Let our physicians and nurses ever bear in mind the words, “We are laborers together with God.” Let every physician and every nurse learn how to work for the alleviation of mental as well as physical suffering. At this time, when sin is so prevalent and so violently revealed, how important it is that our sanitariums be conducted in such a way that they will accomplish the greatest amount of good. How important that all the workers in these institutions know how to speak words in season to those who are weary and sin sick. RH February 2, 1905, par. 9

Physicians and nurses should ever be kind and cheerful, putting away all gloom and sadness. Let faith grasp the hand of Christ for his healing touch. RH February 2, 1905, par. 10

As our nurses minister patiently to those who are sick in body and soul, let them ask God to work for the suffering ones, that they may be led to know Christ, and let them believe that their prayers will be answered. In all that is done, let the love of Christ be revealed. RH February 2, 1905, par. 11

Every sincere Christian bows to Jesus as the true physician of souls. When he stands by the bedside of the afflicted, there will be many not only converted but healed. He who declared, “I am the way, the truth, and the life,” will be with his faithful physicians and nurses as they strive to co-operate with him. If through judicious ministration the patient is led to give his soul to Christ, and to bring his thoughts into obedience to the will of God, a great victory is gained. RH February 2, 1905, par. 12

It is for the object of soul saving that our sanitariums are established. In our daily ministrations we see many care-worn, sorrowful faces. What does the sorrow on these faces show?—The need of the soul for the peace of Christ. Poor, sad human beings go to broken cisterns, which can hold no water, thinking to quench their thirst. Let them hear a voice saying, “Ho, every one that thirsteth, come ye to the waters.” Poor, weary, oppressed souls, seeking you know not what, come to the water of life. All heaven is yearning over you. RH February 2, 1905, par. 13

“Come to Me, that ye might have life.” RH February 2, 1905, par. 14

It is that thirsting souls may be led to the living water that we plead for sanitariums, not expensive, mammoth sanitariums, but homelike institutions, in pleasant places. RH February 2, 1905, par. 15

Never, never build mammoth sanitariums. Let these institutions be small, and let there be more of them, that the work of winning souls to Christ may be accomplished. It may often be necessary to start sanitarium work in the city, but never build a sanitarium in a city. Rent a building, and keep looking for a suitable place out of the city. The sick are to be reached, not by massive buildings, but by the establishment of many small sanitariums, which are to be as lights shining in a dark place. Those who are engaged in this work are to reflect the sunlight of Christ's face. They are to be as salt that has not lost its savor. By sanitarium work, properly conducted, the influence of true, pure religion will be extended to many souls. RH February 2, 1905, par. 16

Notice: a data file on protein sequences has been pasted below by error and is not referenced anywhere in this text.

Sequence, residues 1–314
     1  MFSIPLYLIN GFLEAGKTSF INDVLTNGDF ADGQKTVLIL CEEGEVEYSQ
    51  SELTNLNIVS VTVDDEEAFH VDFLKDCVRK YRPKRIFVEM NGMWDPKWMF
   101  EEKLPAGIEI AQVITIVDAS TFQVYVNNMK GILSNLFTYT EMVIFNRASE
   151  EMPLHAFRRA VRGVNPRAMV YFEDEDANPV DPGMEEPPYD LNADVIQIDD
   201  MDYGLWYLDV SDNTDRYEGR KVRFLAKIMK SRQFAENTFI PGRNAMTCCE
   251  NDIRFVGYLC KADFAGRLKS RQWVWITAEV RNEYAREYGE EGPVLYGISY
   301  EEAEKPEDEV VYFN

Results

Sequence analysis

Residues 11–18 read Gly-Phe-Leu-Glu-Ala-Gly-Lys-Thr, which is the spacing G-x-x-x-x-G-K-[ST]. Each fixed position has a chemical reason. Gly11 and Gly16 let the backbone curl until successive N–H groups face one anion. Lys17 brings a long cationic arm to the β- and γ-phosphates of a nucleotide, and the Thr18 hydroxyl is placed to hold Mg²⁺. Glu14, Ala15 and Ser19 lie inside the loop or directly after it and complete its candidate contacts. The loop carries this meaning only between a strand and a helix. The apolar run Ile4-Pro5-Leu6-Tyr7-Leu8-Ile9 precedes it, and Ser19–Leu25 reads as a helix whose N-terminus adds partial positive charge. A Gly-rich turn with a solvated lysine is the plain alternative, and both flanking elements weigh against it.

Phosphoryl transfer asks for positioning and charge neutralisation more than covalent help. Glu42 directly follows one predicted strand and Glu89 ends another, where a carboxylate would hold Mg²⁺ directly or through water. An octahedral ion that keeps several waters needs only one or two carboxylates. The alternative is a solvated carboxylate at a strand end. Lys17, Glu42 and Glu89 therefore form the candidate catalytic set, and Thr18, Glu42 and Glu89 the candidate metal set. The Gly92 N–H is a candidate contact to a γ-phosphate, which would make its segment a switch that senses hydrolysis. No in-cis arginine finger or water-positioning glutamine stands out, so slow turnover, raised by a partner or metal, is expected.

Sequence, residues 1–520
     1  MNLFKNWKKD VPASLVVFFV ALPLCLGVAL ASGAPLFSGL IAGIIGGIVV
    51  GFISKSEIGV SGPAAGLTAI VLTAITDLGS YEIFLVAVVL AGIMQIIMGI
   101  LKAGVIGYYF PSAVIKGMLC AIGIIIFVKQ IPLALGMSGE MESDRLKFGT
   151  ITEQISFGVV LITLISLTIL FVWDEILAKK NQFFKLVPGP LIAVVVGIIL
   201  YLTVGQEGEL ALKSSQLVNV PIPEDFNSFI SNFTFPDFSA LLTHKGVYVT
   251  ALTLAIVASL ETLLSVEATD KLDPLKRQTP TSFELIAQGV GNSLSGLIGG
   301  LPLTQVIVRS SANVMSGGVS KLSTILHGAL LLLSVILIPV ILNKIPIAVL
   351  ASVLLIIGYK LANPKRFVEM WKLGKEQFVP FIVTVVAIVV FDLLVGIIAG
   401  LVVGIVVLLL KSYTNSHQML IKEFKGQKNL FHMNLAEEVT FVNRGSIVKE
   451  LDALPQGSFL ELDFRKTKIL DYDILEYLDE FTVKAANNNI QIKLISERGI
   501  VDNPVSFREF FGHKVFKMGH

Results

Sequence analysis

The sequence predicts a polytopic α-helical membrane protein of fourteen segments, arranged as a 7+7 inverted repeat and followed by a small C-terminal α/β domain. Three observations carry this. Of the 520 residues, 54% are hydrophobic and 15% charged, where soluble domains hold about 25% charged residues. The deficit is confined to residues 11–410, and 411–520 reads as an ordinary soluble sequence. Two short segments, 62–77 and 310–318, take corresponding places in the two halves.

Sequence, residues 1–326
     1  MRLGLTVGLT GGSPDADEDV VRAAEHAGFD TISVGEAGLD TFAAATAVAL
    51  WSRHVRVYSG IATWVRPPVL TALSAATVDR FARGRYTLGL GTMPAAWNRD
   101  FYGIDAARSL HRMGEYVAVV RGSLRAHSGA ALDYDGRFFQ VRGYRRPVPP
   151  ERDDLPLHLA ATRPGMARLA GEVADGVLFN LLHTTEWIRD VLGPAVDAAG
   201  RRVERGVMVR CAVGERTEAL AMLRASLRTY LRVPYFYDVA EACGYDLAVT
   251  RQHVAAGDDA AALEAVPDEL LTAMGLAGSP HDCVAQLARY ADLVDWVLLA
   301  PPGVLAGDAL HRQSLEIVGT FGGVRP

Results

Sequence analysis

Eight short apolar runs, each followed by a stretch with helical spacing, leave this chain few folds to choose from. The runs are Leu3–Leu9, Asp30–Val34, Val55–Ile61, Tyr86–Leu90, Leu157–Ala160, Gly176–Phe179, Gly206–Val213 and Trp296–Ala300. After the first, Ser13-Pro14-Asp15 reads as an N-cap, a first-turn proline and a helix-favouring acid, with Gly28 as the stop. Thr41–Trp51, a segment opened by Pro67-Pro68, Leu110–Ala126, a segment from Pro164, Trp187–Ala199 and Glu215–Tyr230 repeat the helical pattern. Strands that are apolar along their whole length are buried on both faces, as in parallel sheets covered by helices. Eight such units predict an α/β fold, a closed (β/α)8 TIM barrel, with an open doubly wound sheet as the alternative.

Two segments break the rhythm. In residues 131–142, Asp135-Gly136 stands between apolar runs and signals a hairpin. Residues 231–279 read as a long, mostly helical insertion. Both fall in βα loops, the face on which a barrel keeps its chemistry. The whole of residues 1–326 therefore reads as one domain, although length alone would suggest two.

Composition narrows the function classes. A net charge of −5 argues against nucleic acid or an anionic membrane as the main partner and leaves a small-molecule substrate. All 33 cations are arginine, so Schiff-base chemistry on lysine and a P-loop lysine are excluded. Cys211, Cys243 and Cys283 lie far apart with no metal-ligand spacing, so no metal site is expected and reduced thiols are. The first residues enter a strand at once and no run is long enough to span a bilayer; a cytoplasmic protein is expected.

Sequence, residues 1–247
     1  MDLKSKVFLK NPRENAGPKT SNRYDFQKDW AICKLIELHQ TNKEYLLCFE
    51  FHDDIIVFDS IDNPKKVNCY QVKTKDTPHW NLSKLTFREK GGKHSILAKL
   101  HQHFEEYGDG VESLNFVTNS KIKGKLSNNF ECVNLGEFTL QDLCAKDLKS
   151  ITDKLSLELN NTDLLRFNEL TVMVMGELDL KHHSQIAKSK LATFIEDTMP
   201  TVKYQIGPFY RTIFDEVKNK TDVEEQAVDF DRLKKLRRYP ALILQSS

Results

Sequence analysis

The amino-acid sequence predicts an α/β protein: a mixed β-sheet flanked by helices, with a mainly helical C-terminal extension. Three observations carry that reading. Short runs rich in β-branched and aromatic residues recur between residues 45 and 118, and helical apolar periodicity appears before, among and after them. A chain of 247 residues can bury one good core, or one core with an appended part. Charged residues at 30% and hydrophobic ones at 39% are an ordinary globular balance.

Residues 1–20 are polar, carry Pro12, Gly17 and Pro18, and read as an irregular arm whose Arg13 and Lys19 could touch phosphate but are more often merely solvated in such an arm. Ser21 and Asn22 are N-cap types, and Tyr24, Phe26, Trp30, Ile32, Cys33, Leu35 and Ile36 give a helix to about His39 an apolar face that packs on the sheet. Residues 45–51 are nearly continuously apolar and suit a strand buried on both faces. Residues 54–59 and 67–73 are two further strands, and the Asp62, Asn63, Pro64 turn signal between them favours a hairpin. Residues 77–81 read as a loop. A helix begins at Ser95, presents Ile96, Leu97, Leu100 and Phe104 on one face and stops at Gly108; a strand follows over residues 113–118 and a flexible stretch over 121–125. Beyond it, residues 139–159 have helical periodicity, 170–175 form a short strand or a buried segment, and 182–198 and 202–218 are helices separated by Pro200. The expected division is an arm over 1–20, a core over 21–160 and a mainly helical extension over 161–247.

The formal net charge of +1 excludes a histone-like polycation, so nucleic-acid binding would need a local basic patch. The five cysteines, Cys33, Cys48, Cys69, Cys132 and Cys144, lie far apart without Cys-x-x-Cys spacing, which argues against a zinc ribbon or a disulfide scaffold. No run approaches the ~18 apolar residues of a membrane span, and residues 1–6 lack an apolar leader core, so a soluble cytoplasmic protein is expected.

From our sanitariums trained workers are to go forth into places where the truth has never been proclaimed, and do missionary work for the Master, claiming the promise, “Lo, I am with you alway, even unto the end of the world.” Christ can bring light out of darkness. RH February 2, 1905, par. 17

I appeal to all who have means to make a determined effort to carry out the instruction God has given regarding the establishment of a sanitarium in Takoma Park. Let our people rally to the support of this important enterprise. Let the churches in every State act their part, that the work in Washington may not come to a standstill. Let us make liberal gifts to this work, and the Lord will bless us and it. We can not see this work coming to a standstill while it is but half done. It need not come to a standstill if all our people will come up to the help of the Lord. RH February 2, 1905, par. 18

Let us come up to the help of the Lord, to the help of the Lord against the mighty powers of darkness. Satan is working with intensity of purpose to enslave and destroy souls. Let us take a firm stand against him. The word of God urges every one to go steadily forward on the upward grade, pressing toward the mark of the high calling of God in Christ Jesus. RH February 2, 1905, par. 19

(Signed) Ellen G. White.